descry

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English[edit]

Etymology[edit]

From Old French descrier (to proclaim, announce, cry).

Pronunciation[edit]

Verb[edit]

descry (third-person singular simple present descries, present participle descrying, simple past and past participle descried)

  1. (transitive) To see.
  2. (transitive) To discover (a distant or obscure object) by the eye; to espy; to discern or detect.
    • c. 1605, William Shakespeare, King Lear, Act IV, Scene 5,[1]
      Edmund, I think, is gone,
      In pity of his misery, to dispatch
      His nighted life; moreover to descry
      The strength o’ th’ enemy.
    • 1674, John Milton, Paradise Lost, Book 10, lines 325-326,[2]
      And now thir way to Earth they had descri’d,
      To Paradise first tending, []
    • 1719, Daniel Defoe, Robinson Crusoe, London: W. Taylor, 3rd edition, p. 127,[3]
      When I had pass’d the Vale where my Bower stood as above, I came within View of the Sea, to the West, and it being a very clear Day, I fairly descry’d Land—whether an Island or a Continent, I could not tell; but it lay very high, extending from the West to the W.S.W. at a very great Distance;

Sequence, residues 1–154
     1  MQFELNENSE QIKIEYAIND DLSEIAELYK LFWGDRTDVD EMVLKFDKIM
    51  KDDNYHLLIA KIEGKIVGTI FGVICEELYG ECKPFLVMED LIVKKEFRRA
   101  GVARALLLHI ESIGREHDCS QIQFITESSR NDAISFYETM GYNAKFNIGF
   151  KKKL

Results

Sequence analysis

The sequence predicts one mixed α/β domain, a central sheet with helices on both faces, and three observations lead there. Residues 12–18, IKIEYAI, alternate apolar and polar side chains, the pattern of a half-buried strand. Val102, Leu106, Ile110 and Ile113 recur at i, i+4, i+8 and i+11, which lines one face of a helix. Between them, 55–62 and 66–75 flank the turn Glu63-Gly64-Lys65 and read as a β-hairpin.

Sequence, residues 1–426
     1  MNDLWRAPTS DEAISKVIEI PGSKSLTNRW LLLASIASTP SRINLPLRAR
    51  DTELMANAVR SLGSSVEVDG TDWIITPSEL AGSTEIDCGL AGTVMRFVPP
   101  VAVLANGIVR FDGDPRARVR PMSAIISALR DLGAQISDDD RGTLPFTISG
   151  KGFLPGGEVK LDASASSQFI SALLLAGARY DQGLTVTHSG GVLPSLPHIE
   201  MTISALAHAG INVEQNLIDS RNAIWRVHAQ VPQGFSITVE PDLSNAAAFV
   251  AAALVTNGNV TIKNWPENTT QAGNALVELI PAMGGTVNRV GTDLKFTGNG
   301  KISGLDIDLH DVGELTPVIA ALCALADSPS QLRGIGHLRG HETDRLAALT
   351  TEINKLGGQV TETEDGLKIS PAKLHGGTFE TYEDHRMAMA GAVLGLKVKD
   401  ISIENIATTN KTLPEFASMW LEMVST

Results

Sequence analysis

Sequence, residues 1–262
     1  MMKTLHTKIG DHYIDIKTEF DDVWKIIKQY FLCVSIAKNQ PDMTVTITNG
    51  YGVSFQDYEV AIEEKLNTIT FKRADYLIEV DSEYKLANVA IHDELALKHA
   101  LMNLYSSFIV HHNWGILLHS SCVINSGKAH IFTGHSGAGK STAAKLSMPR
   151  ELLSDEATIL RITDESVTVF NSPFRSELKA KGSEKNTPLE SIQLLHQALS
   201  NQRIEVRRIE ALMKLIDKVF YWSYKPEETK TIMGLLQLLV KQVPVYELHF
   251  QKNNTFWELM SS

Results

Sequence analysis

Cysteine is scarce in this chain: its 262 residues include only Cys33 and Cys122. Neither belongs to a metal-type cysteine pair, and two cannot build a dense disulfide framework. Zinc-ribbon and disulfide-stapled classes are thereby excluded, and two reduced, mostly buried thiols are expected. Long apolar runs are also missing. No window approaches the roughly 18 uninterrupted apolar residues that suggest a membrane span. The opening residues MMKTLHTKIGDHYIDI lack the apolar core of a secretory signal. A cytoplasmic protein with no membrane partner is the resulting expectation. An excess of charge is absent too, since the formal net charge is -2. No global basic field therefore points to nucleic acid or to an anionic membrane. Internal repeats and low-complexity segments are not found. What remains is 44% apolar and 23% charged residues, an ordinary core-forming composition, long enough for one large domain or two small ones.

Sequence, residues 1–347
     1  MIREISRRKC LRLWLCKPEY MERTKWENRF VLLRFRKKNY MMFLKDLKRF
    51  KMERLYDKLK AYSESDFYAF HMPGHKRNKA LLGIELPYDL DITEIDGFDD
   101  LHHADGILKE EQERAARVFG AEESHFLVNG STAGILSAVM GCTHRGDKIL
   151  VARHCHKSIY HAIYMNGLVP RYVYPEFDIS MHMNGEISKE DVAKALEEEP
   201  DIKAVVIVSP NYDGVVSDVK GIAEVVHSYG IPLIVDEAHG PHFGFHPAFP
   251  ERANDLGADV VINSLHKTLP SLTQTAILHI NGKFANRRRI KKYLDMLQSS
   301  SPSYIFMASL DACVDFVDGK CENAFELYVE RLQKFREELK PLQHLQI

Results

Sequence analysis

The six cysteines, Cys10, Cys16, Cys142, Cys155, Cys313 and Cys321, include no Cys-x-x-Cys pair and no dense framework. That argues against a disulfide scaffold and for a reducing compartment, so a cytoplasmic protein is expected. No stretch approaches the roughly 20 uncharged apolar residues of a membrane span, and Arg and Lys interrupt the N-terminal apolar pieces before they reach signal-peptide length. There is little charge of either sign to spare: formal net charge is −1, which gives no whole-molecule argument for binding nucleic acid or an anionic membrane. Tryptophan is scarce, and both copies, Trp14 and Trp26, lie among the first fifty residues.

• 1898, Winston Churchill, The Celebrity, New York: Macmillan, Chapter 4, p. 47,[4]
      Judge Short had gone to town, and Farrar was off for a three days’ cruise up the lake. I was bitterly regretting I had not gone with him when the distant notes of a coach horn reached my ear, and I descried a four-in-hand winding its way up the inn road from the direction of Mohair.
  3. (transitive) To discover: to disclose; to reveal.
    • 1670, John Milton, The History of Britain, London: James Allestry, Book 2, p. 87,[5]
      His Body was found almost naked in the field, for his Purple Robe he had thrown aside, lest it should descry him, unwilling to be found.

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